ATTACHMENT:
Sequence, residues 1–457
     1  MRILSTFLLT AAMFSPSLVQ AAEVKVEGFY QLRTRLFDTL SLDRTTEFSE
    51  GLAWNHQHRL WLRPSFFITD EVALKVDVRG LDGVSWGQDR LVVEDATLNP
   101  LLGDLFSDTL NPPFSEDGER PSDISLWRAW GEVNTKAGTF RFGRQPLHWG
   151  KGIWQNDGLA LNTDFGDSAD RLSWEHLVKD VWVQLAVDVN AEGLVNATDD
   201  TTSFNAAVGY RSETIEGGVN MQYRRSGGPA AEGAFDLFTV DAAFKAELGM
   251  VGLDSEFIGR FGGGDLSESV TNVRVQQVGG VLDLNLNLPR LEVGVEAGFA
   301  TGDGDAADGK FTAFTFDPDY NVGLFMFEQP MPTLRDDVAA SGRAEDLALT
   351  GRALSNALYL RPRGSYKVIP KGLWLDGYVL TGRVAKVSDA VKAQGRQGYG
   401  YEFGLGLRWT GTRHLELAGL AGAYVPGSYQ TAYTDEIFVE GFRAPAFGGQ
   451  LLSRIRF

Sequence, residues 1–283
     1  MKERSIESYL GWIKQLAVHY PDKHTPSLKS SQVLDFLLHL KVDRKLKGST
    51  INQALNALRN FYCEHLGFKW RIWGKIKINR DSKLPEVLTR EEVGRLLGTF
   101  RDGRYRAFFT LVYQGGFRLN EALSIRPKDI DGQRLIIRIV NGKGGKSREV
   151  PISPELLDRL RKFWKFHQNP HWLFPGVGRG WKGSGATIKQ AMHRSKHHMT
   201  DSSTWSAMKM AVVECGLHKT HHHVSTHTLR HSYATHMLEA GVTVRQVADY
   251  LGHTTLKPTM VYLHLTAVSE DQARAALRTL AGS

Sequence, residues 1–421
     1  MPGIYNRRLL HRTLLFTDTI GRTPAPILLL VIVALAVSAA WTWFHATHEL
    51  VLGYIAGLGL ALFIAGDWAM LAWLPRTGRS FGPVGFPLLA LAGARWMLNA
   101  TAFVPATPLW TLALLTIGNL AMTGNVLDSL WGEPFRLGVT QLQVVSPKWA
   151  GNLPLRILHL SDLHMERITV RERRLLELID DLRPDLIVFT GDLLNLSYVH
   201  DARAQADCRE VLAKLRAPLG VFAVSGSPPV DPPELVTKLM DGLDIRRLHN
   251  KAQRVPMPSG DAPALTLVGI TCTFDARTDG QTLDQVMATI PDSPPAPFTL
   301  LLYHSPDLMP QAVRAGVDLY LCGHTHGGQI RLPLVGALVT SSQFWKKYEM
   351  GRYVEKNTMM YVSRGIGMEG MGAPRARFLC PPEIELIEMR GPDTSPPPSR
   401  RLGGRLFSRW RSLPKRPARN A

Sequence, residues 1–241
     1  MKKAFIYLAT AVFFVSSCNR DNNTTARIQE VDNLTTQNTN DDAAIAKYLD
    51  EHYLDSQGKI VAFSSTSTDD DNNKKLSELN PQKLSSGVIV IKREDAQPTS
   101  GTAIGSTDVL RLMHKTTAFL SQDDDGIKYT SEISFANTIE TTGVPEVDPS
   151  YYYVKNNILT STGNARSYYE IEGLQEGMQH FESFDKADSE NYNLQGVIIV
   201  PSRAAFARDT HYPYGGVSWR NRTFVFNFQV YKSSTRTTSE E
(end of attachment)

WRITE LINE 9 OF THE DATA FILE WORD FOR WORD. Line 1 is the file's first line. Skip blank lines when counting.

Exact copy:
   351  GRALSNALYL RPRGSYKVIP KGLWLDGYVL TGRVAKVSDA VKAQGRQGYG